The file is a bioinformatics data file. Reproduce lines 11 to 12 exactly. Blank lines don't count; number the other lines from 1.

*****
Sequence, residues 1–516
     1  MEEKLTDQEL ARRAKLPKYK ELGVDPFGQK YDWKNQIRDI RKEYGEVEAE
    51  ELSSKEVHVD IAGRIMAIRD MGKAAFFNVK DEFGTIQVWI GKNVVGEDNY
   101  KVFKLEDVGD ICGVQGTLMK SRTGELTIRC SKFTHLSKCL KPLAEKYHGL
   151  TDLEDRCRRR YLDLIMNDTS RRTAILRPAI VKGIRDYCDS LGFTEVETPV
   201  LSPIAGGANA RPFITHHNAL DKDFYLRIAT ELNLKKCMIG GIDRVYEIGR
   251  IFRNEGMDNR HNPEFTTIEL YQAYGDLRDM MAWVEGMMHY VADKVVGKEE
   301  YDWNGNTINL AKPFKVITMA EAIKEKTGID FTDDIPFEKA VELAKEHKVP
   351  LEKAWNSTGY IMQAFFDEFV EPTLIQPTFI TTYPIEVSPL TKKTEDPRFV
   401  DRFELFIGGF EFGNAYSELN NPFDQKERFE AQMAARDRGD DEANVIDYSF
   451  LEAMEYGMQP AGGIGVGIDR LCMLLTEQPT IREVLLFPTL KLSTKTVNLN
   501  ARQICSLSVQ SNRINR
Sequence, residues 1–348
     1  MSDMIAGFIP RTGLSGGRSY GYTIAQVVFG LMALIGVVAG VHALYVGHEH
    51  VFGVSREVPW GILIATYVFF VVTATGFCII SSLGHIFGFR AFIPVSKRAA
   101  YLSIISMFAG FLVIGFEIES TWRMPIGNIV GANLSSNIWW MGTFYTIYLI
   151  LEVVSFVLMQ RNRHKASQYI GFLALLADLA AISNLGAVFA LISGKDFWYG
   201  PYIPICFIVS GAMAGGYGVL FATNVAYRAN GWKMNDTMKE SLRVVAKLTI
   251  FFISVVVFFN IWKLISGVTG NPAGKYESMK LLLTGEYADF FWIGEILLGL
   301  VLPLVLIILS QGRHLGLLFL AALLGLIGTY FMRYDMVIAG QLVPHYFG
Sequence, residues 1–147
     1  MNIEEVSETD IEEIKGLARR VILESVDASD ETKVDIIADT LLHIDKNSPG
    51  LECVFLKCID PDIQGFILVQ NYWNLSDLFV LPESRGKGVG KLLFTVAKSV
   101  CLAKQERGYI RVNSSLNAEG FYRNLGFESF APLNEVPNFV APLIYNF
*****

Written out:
   451  LEAMEYGMQP AGGIGVGIDR LCMLLTEQPT IREVLLFPTL KLSTKTVNLN
   501  ARQICSLSVQ SNRINR